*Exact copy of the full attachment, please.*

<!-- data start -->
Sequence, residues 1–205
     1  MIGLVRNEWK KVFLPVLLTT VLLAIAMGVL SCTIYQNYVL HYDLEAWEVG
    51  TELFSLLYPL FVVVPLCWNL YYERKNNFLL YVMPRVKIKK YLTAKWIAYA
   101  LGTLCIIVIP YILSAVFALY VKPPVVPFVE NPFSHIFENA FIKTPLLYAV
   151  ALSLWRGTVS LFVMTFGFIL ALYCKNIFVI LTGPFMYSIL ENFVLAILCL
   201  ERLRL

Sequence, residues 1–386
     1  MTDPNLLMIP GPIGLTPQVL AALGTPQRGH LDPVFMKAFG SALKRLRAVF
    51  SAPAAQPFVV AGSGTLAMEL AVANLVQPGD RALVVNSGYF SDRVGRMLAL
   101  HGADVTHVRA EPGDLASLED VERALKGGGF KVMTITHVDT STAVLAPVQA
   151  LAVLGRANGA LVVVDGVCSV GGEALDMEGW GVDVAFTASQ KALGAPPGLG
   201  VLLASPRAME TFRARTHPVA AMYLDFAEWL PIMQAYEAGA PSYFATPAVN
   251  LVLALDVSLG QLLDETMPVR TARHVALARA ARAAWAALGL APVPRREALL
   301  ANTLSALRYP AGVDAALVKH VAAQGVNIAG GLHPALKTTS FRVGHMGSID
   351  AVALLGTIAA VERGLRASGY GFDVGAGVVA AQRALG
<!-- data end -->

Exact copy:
Sequence, residues 1–205
     1  MIGLVRNEWK KVFLPVLLTT VLLAIAMGVL SCTIYQNYVL HYDLEAWEVG
    51  TELFSLLYPL FVVVPLCWNL YYERKNNFLL YVMPRVKIKK YLTAKWIAYA
   101  LGTLCIIVIP YILSAVFALY VKPPVVPFVE NPFSHIFENA FIKTPLLYAV
   151  ALSLWRGTVS LFVMTFGFIL ALYCKNIFVI LTGPFMYSIL ENFVLAILCL
   201  ERLRL

Sequence, residues 1–386
     1  MTDPNLLMIP GPIGLTPQVL AALGTPQRGH LDPVFMKAFG SALKRLRAVF
    51  SAPAAQPFVV AGSGTLAMEL AVANLVQPGD RALVVNSGYF SDRVGRMLAL
   101  HGADVTHVRA EPGDLASLED VERALKGGGF KVMTITHVDT STAVLAPVQA
   151  LAVLGRANGA LVVVDGVCSV GGEALDMEGW GVDVAFTASQ KALGAPPGLG
   201  VLLASPRAME TFRARTHPVA AMYLDFAEWL PIMQAYEAGA PSYFATPAVN
   251  LVLALDVSLG QLLDETMPVR TARHVALARA ARAAWAALGL APVPRREALL
   301  ANTLSALRYP AGVDAALVKH VAAQGVNIAG GLHPALKTTS FRVGHMGSID
   351  AVALLGTIAA VERGLRASGY GFDVGAGVVA AQRALG